The fruits or 'seeds' (cypselas) are small, black, top-shaped, rough and surrounded by a hard ring of bracts (modified leaves) the tips of which form 4-7 spines each about 1 mm long. Flowers late summer and autumn.
For further information and assistance with identification of Annual Ragweed contact the herbarium in your state or territory.
Annual Ragweed is found in subhumid temperate to subtropical regions on a wide range of soils. It often colonises bare areas on roadsides and banks of watercourses (particularly on sandbanks deposited by floods), disturbed sites and waste areas. It may invade pasture from these areas. Horse paddocks are often infested in coastal areas (Parsons & Cuthbertson 1992; Navie 2004).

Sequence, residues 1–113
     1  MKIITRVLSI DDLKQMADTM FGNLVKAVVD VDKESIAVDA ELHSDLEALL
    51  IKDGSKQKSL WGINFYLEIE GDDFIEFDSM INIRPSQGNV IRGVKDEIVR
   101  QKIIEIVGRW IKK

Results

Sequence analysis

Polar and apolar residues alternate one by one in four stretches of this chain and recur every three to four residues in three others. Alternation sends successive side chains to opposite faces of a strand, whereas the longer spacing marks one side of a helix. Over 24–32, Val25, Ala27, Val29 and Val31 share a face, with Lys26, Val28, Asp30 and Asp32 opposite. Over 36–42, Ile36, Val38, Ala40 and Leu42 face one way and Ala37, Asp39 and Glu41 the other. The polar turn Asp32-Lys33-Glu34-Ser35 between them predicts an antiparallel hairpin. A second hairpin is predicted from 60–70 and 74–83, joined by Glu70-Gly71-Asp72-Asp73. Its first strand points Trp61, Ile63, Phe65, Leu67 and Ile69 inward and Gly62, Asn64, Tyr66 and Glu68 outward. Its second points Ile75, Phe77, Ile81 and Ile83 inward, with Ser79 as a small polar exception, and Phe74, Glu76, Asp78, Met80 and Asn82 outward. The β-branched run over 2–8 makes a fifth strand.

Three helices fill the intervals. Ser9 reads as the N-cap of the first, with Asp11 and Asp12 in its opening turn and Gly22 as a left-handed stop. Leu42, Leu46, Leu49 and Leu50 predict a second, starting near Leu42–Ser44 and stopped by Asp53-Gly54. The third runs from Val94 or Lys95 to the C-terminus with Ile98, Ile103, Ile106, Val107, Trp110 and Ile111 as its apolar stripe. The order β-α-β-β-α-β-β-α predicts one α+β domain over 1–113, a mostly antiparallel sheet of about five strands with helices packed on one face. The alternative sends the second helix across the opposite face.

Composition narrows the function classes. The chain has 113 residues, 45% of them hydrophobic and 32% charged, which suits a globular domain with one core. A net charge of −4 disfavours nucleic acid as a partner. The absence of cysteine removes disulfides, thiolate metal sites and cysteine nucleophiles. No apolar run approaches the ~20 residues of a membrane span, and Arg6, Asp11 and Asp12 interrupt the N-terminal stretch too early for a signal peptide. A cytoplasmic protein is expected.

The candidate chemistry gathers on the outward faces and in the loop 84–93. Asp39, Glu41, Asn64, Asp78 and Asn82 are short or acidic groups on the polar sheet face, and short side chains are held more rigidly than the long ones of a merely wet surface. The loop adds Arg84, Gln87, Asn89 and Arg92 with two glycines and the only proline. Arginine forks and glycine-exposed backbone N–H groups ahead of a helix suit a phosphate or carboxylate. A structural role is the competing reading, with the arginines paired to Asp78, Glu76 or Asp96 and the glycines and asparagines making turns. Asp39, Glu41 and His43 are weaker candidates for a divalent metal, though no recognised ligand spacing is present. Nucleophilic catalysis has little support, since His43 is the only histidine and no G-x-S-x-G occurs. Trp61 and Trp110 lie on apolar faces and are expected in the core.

Annual Ragweed is most likely to be confused with other Ambrosia species, most obviously Perennial Ragweed (Ambrosia psilostachya), from which it can be distinguished by its annual habit, distinctly stalked leaves and more prominently spiny fruiting clusters.
Parthenium Weed (Parthenium hysterophorus) may also be confused with Annual Ragweed. However, it has ribbed rather than rounded stems and masses of small, white, bisexual flower-heads borne at the tips of the branches (Navie 2004).
Annual Ragweed (Ambrosia artemisiifolia) is a weed of agriculture, and disturbed sites, railway reserves, wasteland, vacant lots, waterways and floodplains (Parsons & Cuthbertson 2001). Annual Ragweed is also a serious human health hazard due to the effects of allergenic pollen and can cause hayfever and asthma in humans ( Business Queensland 2016; Parsons & Cuthbertson 2001).